Today, as we do every week, Talos is giving you a glimpse into the most prevalent threats we’ve observed this week — covering the dates between Oct. 12 and 19. As with previous roundups, this post isn’t meant to be an in-depth analysis. Instead, we will summarize the threats we’ve observed by highlighting key behavioral characteristics and indicators of compromise, and discussing how our customers are automatically protected from these threats.

As a reminder, the information provided for the following threats in this post is non-exhaustive and current as of the date of publication. Additionally, please keep in mind that IOC searching is only one part of threat hunting. Spotting a single IOC does not necessarily indicate maliciousness. Detection and coverage for the following threats is subject to updates, pending additional threat or vulnerability analysis. For the most current information, please refer to your Firepower Management Center, Snort.org, or ClamAV.net.

Beers with Talos EP 39: VB 2018 Rundown and Prevalent Problems with PDF



Beers with Talos (BWT) Podcast Ep. #39 is now available. Download this episode and subscribe to Beers with Talos:

If iTunes and Google Play aren't your thing, click here.

Ep. #39 show notes: 

Recorded Oct. 5, 2018 - We start out with a quick chat to get to know this week’s special guests from the Talos Outreach team: Paul Rascagneres, Vanja Svajcer and Warren Mercer. We discuss everyone’s work that was presented at Virus Bulletin, as well as Paul and Warren being nominated for the Péter Szőr Award. We also cover a lot of vulnerability discovery work that we recently released around various PDF software.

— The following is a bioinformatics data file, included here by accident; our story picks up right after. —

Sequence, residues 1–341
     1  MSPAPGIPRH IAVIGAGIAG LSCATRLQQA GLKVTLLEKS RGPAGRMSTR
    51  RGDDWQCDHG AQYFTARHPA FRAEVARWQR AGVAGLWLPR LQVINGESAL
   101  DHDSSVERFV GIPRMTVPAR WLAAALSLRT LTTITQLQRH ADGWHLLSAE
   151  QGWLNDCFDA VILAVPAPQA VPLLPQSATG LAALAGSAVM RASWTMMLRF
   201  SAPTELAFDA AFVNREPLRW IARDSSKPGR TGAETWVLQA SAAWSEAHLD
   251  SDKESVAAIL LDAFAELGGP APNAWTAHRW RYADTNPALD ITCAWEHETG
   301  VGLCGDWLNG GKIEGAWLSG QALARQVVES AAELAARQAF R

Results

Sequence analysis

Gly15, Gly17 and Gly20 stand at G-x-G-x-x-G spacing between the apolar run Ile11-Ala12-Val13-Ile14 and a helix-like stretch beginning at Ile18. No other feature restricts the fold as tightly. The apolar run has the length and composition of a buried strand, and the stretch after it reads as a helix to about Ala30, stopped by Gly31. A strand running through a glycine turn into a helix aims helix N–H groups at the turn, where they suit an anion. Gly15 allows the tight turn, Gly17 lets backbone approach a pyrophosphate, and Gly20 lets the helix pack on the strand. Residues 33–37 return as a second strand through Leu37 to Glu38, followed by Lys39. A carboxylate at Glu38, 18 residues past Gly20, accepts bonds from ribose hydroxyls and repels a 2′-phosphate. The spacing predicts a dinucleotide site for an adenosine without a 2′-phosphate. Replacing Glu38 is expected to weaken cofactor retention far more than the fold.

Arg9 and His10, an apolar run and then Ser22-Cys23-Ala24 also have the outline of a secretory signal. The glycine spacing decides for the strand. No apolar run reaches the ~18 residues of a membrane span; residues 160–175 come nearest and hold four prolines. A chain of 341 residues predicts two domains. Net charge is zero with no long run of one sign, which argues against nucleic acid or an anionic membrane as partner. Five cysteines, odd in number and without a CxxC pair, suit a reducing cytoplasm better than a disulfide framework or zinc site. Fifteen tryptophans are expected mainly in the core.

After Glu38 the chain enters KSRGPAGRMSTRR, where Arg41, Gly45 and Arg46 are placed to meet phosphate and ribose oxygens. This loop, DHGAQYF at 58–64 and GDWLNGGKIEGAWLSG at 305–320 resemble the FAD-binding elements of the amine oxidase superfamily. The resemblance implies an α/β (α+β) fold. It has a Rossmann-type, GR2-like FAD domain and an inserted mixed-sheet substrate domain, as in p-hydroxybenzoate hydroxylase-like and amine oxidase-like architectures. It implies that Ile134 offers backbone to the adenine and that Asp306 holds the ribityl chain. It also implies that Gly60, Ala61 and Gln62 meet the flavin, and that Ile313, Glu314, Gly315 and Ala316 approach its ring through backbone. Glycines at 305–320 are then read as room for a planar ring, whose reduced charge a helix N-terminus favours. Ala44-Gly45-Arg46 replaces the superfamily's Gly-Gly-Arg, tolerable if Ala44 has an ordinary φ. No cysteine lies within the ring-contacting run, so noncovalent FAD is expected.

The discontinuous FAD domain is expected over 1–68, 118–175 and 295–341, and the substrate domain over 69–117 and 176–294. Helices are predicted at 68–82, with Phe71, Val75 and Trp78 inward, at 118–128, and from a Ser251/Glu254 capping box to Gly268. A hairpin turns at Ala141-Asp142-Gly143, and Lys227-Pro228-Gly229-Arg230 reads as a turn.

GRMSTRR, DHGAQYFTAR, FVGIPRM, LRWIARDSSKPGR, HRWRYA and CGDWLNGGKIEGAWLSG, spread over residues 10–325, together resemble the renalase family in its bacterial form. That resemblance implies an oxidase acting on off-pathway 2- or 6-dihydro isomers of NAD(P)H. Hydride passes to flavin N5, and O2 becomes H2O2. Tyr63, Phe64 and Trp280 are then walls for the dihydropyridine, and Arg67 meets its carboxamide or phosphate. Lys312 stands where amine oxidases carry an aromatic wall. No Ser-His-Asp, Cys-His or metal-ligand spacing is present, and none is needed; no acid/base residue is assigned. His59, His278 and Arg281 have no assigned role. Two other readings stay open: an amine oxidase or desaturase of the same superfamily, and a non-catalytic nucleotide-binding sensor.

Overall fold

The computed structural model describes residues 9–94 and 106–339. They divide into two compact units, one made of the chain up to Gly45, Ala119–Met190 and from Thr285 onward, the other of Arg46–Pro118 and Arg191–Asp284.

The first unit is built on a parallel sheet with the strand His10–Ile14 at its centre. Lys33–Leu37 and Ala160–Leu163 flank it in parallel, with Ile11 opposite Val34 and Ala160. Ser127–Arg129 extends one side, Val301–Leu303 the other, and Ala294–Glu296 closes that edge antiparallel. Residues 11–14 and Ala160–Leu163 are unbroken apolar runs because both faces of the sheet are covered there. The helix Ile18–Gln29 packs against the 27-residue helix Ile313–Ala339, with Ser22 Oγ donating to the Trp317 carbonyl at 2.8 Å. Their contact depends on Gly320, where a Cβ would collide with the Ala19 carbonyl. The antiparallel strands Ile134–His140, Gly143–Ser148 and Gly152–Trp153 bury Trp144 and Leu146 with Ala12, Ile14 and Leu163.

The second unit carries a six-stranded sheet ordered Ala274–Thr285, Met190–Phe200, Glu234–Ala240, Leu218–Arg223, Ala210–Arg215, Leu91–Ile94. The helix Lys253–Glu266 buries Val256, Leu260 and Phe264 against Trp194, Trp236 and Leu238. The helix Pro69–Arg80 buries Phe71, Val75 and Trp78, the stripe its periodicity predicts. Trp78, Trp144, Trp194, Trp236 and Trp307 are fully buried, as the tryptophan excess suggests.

Thursday, October 18, 2018

Tracking Tick Through Recent Campaigns Targeting East Asia

This blog post is authored by Ashlee Benge and Jungsoo An, with contributions from Dazhuo Li.

Summary



Since 2016, an advanced threat group that Cisco Talos is tracking has carried out cyberattacks against South Korea and Japan. This group is known by several different names: Tick, Redbaldknight and Bronze Butler.

Although each campaign employed custom tools, Talos has observed recurring patterns in the actor's use of infrastructure, from overlaps in hijacked command and control (C2) domains to differing campaign C2s resolving to the same IP. These infrastructure patterns indicate similarities between the Datper, xxmm backdoor, and Emdivi malware families. In this post, we will dive into these parallels and examine the methods used by this actor.

Vulnerability Spotlight: Live Networks LIVE555 streaming media RTSPServer code execution vulnerability



These vulnerabilities were discovered by Lilith Wyatt of Cisco Talos.

Cisco Talos is disclosing a code execution vulnerability that has been identified in Live Networks LIVE555 streaming media RTSPServer.